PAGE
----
You are here

Share page with AddThis

Beetle hits open wounds for Sclerotinia infection

Product Update
11.04.2016
Sclerotinia in OSR

Extreme levels of Cabbage Stem Flea Beetle activity occurring in oilseed rape plants this spring could seriously increase risk for Sclerotinia infection. Damage to leaf petioles from as the larvae emerge, will leave an easy entry point for disease pathogens to get in.

A two-spray Amistar programme offers growers the best chance to protect crops from Sclerotinia attack, and to help affected plants to compensate for the lost leaf damage.

Although Sclerotinia risk has, so far, been low this season, with cool temperatures through March and early April, there is ample soil moisture for primed apothecia to produce ascospores as soon as soil temperatures rise, warned Syngenta Field Technical Manager, James Southgate.

CSFB larvae

He highlighted that, hitherto, the relatively weak Sclerotinia pathogen has primarily relied on decaying fallen leaf petal material to generate activity to infect plants. But physical damage to stems and leaf petioles has also been recognised as potential disease infection points - which has become significantly greater with the high beetle numbers.

“Amistar will provide essential protection from the potential disease risk,” advised james Southgate.

“Importantly, its highly systemic activity will help assure movement of the fungicide activity to the damage points on the leaf, to prevent infection,” he advised.

 James Southgate Syngenta

Furthermore, James (above) pointed out that, with the extensive leaf damage caused by the beetle larvae, it will be more important than ever to protect the remaining green leaf area for as long as possible this season.

“Oilseed rape yields, and the oil content of seed, is driven in the final few weeks of the crop’s life,” he said.

“The green leaf retention and prolonged photosynthetic activity stimulated by Amistar treatment will still enable plants to make the best possible results from the remaining healthy leaf area, even if there is no Sclerotinia infection.”

Since highly damaging Sclerotinia epidemics have occurred just twice in the past 10 seasons, growers had still made an economic return from Amistar treatment every year through higher yields and greater oil content of seed.  

There are also increased warnings of Verticillum Wilt effects on plants stressed by beetle larvae damage this season, where the promotion of oilseed rape green leaf area and healthy plant growth could help to mitigate its effects.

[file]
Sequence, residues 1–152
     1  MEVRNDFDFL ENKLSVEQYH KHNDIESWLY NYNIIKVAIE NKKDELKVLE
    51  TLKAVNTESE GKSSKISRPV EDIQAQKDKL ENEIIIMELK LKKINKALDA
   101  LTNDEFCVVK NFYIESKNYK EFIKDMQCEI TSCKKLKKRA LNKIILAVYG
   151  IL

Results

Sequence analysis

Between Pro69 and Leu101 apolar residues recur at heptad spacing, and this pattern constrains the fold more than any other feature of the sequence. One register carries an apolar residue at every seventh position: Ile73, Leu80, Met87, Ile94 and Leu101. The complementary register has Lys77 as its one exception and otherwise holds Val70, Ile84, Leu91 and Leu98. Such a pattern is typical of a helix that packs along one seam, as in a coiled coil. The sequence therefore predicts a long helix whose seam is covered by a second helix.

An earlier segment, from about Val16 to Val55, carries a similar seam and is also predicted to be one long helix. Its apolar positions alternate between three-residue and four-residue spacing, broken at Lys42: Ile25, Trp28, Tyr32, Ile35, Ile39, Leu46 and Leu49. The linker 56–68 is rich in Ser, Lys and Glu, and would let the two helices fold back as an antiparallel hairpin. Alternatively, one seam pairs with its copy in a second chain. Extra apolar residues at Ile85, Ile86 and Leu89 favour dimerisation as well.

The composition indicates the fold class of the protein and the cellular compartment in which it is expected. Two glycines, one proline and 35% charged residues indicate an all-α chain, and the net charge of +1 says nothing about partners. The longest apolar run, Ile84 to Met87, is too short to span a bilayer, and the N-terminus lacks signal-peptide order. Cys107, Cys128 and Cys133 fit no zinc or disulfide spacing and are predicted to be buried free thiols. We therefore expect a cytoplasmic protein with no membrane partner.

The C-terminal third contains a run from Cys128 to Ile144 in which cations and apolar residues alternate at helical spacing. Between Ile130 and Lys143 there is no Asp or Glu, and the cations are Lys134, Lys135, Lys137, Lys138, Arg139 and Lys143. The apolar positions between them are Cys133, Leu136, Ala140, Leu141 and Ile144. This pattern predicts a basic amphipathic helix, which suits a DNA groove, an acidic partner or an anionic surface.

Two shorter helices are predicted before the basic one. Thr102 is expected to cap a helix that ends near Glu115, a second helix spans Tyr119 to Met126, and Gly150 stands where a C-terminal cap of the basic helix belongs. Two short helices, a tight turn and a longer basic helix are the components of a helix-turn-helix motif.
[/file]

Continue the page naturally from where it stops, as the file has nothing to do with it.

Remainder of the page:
James advocated that an initial Amistar application at early flowering will protect against infection if the Sclerotinia risk rises, with a second application at mid- to late-flowering to bolster the disease protection and maximising the potential for green leaf area retention and yield enhancement. 

 

Pest and disease interaction

Insect pest monitoring results on the Syngenta Innovation Centres and growers’ fields has identified unparalled Cabbage Stem Flea Beetle activity this season. Where inspections had typically found one affected plant in every 10 to 20 plants for the past two seasons, this year almost every plant has been affected in some crops, usually with multiple larvae in each leaf.

Sclerotinia monitoring Innovation Centres

This season, the Syngenta Innovation Centre crops will be further monitored (above) to evaluate any correlation between beetle larvae damage now, and Sclerotinia and Verticillium Wilt infection at harvest, along with the benefits of Amistar application.

Watch Pete Saunders’ video of how to identify Cabbage Stem Flea Beetle larvae activity:

 

Pete Saunders Syngenta

Pete Saunders, Syngenta Insecticide Technical Manager (above), indicated that the initial threat is from the damage to leaf area of this season’s growing crop and the risk of disease infection. “However, growers must also be aware of the threat to next season’s crop establishment,” he warned.

“Our work to manage Cabbage Stem Flea Beetle without neonicotinoid seed treatment highlights the crucial importance of getting crops growing quickly; especially moisture conservation, nutrition, seedbed conditions and drilling technique.

“We have also seen the advantage of hybrid vigour to get crops moving quickly and outgrowing adult beetle feeding damage,” advised Pete Saunders.

“We are continuing to monitor the incidence of pyrethroid resistance among Flea Beetle populations and to develop application techniques to optimise spray control, with full rate application of Hallmark Zeon still giving the best results to control susceptible populations.”